Heat waves and droughts will occur more often under the climate crisis; if plants use all the water in spring, this could mean that droughts will become even worse in summer.
As the planet warms, spring has been coming earlier. The northern hemisphere spring equinox fell on March 19 this year, the earliest equinox the hemisphere has seen in 124 years. While this is basically inconsequential with the equinox usually falling on March 20, the warmer spring weather is far more noticeable a change.
Thanks to anthropogenic climate change, spring is happening about 2.5 days earlier every decade.
A study conducted in 2016 of 276 parks across the United States used NASA Earth Observatory images to observe flowering periods over the years in the parks. The study found that around 75% of the parks have been experiencing earlier springs that year and half saw the earliest springs recorded in 112 years. In Olympic National Park in Washington, the first leaves are now appearing 23 days earlier than they did a century ago, while the Grand Canyon is seeing leaves appear about 11 days earlier.
National parks in the Sierras, along the Appalachian Trail and in Utah are seeing leaves appear five to 10 days earlier.
Changes in blooming seasons will affect bee populations. Despite the longer blooming season, plants aren’t producing more flowers. With the same number of flowers blooming over a longer period of time, bees could face a situation where there are fewer in bloom at any given time, which could increase competition between pollinators for these resources. If bees experience continued population loss, that will in turn impact the plants that depend on the insects for pollination.
Meanwhile, Norway experienced a rare heatwave for early January, when temperatures should normally be below freezing. The highest temperature, measured in the village of Sunndalsora, was 19 degrees Celsius- more than 25 degrees Celsius above the monthly average, making it Norway’s warmest January since records began.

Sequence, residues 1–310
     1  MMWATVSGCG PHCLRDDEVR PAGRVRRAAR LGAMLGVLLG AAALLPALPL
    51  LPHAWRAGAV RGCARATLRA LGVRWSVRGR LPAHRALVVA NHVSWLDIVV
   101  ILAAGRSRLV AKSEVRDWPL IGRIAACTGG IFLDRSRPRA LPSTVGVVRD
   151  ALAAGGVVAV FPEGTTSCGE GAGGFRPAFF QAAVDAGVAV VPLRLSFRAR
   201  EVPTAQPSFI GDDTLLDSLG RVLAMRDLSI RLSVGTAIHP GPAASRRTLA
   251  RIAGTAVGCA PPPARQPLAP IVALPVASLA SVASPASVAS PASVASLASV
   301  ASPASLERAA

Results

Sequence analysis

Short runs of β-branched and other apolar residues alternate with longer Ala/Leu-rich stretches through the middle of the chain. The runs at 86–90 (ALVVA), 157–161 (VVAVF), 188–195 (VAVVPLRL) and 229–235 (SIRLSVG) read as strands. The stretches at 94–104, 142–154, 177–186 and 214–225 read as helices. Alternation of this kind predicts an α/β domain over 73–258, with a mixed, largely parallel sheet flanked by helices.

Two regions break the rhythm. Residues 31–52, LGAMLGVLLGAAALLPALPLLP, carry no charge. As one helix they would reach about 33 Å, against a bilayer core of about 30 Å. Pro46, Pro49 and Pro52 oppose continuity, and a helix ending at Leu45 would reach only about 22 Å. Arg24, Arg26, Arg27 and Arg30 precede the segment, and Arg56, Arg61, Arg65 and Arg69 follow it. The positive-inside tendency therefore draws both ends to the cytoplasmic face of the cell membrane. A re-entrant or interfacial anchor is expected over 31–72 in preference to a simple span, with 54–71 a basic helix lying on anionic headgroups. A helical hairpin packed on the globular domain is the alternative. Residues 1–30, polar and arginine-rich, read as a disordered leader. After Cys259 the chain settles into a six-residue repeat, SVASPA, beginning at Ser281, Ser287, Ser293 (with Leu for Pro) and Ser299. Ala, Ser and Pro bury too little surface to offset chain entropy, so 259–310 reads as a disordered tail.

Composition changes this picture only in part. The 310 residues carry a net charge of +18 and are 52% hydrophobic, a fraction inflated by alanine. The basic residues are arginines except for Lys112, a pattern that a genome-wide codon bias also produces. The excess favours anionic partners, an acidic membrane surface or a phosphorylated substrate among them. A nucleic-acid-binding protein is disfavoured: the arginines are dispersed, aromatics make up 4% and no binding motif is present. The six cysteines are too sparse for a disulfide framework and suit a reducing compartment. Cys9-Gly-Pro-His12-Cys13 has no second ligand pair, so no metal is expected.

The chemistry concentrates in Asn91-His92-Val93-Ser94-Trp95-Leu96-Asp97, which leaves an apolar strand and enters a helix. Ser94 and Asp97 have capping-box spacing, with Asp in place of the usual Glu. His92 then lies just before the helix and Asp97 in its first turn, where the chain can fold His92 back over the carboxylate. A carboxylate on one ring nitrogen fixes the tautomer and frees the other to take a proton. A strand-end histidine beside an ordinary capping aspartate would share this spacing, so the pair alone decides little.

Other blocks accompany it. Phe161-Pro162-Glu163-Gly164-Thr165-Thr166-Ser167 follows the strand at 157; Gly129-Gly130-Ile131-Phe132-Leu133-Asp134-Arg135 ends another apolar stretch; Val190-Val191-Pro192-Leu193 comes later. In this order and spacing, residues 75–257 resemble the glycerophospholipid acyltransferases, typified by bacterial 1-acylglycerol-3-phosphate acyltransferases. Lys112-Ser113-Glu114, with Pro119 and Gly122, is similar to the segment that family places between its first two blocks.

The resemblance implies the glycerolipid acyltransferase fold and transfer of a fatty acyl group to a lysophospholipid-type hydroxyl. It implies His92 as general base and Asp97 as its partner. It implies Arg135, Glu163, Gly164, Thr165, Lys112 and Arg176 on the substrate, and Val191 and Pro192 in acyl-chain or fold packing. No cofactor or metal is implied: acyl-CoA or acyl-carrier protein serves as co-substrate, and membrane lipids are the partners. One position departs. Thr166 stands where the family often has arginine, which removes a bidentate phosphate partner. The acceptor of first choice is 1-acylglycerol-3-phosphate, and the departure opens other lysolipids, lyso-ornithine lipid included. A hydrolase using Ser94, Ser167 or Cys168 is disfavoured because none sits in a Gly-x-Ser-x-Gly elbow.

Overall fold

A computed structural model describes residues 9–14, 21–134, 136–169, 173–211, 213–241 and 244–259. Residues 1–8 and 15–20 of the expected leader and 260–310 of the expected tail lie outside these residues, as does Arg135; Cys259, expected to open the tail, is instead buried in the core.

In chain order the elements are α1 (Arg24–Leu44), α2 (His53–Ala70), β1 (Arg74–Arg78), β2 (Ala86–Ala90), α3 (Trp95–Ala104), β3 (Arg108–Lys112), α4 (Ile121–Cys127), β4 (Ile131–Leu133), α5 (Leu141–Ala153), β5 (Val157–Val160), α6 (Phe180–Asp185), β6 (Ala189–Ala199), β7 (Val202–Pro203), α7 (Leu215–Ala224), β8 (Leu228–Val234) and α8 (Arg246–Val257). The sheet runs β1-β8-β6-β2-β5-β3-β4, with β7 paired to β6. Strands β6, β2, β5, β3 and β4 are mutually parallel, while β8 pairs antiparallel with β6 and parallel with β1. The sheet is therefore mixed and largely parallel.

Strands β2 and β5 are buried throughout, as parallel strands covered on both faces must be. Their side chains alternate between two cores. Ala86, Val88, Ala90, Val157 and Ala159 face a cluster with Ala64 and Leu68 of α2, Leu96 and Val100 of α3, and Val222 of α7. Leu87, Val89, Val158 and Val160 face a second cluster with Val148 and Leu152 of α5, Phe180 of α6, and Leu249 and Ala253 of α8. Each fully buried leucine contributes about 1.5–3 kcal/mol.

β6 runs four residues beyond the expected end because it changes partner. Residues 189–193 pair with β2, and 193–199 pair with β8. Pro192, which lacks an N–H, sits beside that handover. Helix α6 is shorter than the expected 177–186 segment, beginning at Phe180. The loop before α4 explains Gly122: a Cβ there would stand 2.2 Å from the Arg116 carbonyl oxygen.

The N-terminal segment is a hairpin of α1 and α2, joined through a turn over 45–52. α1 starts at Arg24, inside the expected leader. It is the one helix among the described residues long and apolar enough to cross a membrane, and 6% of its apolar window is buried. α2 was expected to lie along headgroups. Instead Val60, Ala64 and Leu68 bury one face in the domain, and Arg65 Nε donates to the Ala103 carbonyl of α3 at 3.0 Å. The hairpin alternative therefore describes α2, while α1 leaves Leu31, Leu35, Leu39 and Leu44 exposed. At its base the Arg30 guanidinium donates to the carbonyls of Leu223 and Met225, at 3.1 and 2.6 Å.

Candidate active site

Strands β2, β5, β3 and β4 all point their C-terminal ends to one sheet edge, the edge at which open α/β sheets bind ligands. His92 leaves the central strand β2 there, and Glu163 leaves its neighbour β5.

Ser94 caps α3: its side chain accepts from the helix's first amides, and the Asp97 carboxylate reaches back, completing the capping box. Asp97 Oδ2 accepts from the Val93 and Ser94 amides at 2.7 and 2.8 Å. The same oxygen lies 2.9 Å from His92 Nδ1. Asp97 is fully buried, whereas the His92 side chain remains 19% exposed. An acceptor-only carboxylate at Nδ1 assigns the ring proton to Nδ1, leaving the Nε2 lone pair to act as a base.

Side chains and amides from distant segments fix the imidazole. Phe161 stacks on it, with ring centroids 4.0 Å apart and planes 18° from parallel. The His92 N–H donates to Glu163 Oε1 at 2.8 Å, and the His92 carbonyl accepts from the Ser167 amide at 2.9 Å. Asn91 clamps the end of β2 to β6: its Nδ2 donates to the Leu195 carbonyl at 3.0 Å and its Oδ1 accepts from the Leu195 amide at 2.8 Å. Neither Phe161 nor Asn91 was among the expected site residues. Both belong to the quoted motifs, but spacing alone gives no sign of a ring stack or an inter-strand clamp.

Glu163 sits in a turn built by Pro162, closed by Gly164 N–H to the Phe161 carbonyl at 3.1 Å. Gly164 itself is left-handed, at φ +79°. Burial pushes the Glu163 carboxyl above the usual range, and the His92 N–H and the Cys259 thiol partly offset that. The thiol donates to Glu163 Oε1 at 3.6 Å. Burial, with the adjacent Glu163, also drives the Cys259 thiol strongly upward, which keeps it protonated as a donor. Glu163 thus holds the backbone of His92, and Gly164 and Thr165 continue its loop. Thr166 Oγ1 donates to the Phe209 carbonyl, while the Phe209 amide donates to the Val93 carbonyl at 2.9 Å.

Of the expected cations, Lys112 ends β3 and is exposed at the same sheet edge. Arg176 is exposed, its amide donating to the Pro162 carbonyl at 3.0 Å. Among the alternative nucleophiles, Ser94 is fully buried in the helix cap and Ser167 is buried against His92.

The heatwave is due to an abnormally warm foehn wind, warm gusts that occur on the downwind side of mountain ranges.
Japan is famed for its pink cherry trees that line the streets in the springtime. Hundreds of thousands of people plan their journeys specifically to see this beautiful sight, but planning may become more difficult in the future, as the cherry blossom season is arriving earlier than usual due to the climate crisis.
Usually occurring in Japan for two weeks between late March and mid-April, this year’s cherry blossom season saw flower buds sprouting on March 14, the earliest date since the trees began being monitored in 1953. In October 2018, there were many cases of cherry blossom trees blooming completely out of season.
A 2017 report from the Japan Meteorological Agency showed that the cherry blossoms have been flowering earlier every year over the last six decades, with a trend of one day earlier per decade.
National Park Service ecologist, John Gross, says, “Changes in leaf and flowering dates have broad ramifications for nature. Pollinators, migratory birds, hibernating species, elk, and caribou all rely on food sources that need to be available at the right time.” While it may seem innocuous that plants bloom earlier, when temperatures start to misalign with usual seasonal changes, those species suffer.